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Prostitution in Roman Empire

Prostitutes were obliged to be registered with the Aedile (local magistrate) where their name, age, place of birth and a pseudo name, if wished, would be recorded. After being asked her price, each prostitute would be issued with a licence (Licentia Stupri) and her name added to the official roll. Once on the list there was no way back - the record was forever. Prostitutes were known by many different names depending on their own status within their own community, for example: ‘Doris’ - noted for their enchanted forms, often in the nude. ‘Lupae’ - or ‘she wolf’ because she patrolled the parks and gardens and howled for customers. ‘Copae’ - serving girls in inns. Some were well-kept women from high class families, some (as today) used their influence for political power and most were Freedwomen. Prostitution as a profession could be a lucrative business (for some). The tariff inscription from Coptos in Roman Egypt, dated to AD 90, states that the passport fee for prostitutes was 108 drachmas, but for other women only 20 drachmas - clearly it was thought that the prostitutes could afford the fee. The rooms used by Rome’s prostitutes were often very simply and sparsely decorated, albeit with a tablet above the door way to indicate what a client could expect and a sign to indicate when ‘occupied’. While sexual disease was known, not much is mentioned in the surviving sources. Juvenal hints at it ‘auchunnuentae’ (secret diseases), for which he says you had ‘best pray to Juno and take herbal remedies‘. In a similar vein, Soranus wrote ‘straightforward and sensible’ advice about contraception, with techniques including:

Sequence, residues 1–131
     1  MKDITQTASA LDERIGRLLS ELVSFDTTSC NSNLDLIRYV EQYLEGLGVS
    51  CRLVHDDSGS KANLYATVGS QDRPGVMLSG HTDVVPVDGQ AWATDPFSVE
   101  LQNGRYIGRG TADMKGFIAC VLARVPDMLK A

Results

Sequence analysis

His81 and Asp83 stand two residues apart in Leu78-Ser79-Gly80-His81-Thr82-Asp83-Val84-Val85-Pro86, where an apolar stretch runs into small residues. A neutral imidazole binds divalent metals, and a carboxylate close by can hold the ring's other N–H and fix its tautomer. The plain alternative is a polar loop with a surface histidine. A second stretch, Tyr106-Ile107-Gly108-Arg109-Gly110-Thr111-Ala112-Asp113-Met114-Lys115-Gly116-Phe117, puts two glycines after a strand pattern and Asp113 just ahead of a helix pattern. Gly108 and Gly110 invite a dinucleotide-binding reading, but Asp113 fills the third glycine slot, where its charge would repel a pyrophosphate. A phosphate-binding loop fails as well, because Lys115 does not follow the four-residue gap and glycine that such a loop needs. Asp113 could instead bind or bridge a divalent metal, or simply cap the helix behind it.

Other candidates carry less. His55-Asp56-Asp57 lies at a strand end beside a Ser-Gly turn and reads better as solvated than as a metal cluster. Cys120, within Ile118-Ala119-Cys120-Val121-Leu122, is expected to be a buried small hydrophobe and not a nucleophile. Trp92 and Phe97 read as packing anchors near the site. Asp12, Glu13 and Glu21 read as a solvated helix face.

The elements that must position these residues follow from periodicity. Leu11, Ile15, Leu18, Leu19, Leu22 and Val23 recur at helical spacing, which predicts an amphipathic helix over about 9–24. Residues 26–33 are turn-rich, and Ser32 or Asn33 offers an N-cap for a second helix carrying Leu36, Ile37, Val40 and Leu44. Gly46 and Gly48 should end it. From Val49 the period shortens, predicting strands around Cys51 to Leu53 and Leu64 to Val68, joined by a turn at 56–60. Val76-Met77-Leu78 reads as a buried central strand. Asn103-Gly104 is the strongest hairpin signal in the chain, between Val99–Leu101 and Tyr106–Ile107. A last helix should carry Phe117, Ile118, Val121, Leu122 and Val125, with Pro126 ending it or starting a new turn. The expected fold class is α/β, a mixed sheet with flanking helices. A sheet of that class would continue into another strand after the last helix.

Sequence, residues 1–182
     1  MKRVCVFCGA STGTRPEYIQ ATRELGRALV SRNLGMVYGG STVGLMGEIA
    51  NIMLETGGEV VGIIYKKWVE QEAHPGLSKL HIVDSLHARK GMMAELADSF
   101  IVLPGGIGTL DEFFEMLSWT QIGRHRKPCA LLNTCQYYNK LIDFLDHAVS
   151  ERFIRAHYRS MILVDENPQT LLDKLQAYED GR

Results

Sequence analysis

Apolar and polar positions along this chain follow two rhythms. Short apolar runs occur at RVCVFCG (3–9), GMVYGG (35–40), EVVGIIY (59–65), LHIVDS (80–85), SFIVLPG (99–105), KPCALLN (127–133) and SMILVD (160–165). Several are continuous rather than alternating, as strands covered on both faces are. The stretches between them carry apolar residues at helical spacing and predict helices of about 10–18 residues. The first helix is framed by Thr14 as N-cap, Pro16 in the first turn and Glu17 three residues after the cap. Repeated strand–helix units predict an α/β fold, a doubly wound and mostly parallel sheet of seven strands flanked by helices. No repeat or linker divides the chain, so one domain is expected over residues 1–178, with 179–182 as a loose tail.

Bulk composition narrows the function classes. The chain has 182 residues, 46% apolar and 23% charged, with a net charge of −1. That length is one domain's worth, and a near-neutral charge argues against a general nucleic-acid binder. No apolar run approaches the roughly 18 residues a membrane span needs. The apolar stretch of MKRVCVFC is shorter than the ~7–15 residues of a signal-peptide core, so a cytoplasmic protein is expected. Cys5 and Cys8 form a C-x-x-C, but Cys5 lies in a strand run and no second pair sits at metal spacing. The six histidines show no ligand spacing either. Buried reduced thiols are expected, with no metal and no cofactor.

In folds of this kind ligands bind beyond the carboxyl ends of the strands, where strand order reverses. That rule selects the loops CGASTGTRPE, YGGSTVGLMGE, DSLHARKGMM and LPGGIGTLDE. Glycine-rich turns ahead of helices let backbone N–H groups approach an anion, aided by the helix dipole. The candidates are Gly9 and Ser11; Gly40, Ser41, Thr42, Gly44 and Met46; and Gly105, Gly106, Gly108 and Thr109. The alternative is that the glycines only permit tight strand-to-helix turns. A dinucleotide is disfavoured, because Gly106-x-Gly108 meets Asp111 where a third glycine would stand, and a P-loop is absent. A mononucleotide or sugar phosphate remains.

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Potions to cause temporary infertility. Amulets embued with ‘magic’ properties were worn. For example, Pliny records the tying of two little worms, believed to live in hairy spiders, in deerskin - or maybe you fancy wearing the liver of a cat in a tube on the left foot! The rhythm method was largely ineffective because Roman

Similarly. and their short tunics and brightly coloured togas.H. Dr Lindsay Allason-Jones says that prostitutes in Italy were often of Syrian or Egyptian origin. and in which she cannot truthfully declare that she is not naked. and were identifiable by their heavy makeup. should wriggle their hips and ‘so divert the plow and the seed'  Prostitutes were forbidden to wear the stola. white lead or olive oil were used with some degree of effectiveness. that is. and make sure that her thigh is not misshapen or her foot ugly. But was Seneca talking about prostitutes or respectable women? In other writings Seneca says (N.  Conception was thought unlikely to occur when women did not have a desire for intercourse! Of course you could always try holding your breath at ejaculation. you can measure her flank with your eye’. Seneca wrote: ‘There I see silken clothes. 31. xi 22(26). (Plin.medical writers believed the most fertile time was just as menstruation ended.Q vii. if they can be called clothes which protect neither a women’s body nor her modesty. prostitutes wore saffron-dyed material of gauzelike transparency. sneeze and drink something cold. as we have said. when the appetite for sex was said to be strongest. N. This quote from the poet Horatius speaks of the Freedwomen who. even going so far as to gilt their breasts. Even Marie Stopes advocated the use of honey in 1931. the dress of a Roman matron. made up most of the population of the prostitutes in Rome.2) “we men wear the colours used by prostitutes. but not wives. but were instead made to wear the toga as their outer garment. Lucretius recommends that whores. alum. in which respectable married women would not be . According to Sarah B Pomeroy. which if worn with transparent material would possible appear yellow? Red and Yellow? ‘No concealment here! You can see her almost naked in her Coan dress. the lack of bands in their hair. They also wore long gold chains that went down to their waist. or post-coitally to squat. These are bought for huge sums from nations unknown to us in the ordinary course of trade and why?’ Such garments of airy delicacy were called ‘Coan’ because they were imported from Cos into Greece and Rome.  Pessaries made from soaking soft wool in honey.

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